Is Light A Particle Or Wave? 'Quantum Nonlocality' Experiment Spotlights Dual Nature Of Light
Is light made of waves, or particles?
This fundamental question has dogged scientists for decades, because light seems to be both. However, until now, experiments have revealed light to act either like a particle, or a wave, but never the two at once.
Now, for the first time, a new type of experiment has shown light behaving like both a particle and a wave simultaneously, providing a new dimension to the quandary that could help reveal the true nature of light, and of the whole quantum world.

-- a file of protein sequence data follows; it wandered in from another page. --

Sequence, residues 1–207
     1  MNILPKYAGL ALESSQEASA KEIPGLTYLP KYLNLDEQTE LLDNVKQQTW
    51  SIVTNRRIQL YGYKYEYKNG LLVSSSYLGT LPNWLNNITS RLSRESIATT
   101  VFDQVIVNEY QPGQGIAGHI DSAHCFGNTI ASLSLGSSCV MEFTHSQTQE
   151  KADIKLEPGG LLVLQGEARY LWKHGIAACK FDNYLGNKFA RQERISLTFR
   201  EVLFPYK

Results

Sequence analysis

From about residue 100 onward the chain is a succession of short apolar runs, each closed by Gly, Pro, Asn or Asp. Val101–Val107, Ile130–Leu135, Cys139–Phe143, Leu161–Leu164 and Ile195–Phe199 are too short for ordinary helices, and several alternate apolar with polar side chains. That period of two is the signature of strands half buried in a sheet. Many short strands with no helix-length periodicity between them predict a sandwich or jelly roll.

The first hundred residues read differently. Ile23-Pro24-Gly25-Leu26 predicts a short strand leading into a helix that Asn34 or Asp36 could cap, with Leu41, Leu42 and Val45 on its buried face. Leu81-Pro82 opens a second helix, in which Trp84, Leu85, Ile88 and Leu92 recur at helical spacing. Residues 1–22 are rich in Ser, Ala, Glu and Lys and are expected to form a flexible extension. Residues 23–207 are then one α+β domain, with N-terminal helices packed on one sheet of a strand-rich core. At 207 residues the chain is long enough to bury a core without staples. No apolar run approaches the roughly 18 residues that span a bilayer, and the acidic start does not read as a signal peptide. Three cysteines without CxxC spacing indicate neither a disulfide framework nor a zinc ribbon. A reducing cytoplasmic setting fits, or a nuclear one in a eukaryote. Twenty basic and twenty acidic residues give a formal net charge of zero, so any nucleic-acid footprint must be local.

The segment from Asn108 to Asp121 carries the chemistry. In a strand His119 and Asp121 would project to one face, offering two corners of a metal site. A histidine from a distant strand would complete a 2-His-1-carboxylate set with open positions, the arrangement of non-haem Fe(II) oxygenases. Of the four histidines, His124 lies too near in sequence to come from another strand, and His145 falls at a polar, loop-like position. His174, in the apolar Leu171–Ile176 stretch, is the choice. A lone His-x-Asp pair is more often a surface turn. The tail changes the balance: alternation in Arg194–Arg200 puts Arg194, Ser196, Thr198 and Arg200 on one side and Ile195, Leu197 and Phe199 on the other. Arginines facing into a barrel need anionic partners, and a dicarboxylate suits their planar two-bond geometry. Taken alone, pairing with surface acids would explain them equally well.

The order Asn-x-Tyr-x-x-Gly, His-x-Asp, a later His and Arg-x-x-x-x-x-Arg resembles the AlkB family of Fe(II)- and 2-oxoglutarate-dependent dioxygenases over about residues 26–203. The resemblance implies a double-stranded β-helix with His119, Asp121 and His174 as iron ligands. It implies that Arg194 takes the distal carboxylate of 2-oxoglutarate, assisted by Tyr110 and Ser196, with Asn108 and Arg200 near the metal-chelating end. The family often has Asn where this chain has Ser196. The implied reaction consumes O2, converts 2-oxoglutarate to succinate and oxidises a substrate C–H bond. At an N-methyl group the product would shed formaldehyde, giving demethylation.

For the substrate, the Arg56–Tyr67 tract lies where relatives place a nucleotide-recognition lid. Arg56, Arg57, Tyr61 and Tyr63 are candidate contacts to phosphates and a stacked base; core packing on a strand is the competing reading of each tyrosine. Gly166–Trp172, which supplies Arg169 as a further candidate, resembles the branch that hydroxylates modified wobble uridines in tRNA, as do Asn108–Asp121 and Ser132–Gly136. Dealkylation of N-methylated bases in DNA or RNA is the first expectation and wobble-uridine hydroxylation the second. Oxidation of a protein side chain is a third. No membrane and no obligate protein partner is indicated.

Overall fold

The debate goes back at least as far as Isaac Newton, who advocated that light was made of particles, and James Clerk Maxwell, whose successful theory of electromagnetism, unifying the forces of electricity and magnetism into one, relied on a model of light as a wave. Then in 1905, Albert Einstein explained a phenomenon called the photoelectric effect using the idea that light was made of particles called photons (this discovery won him the Nobel Prize in physics).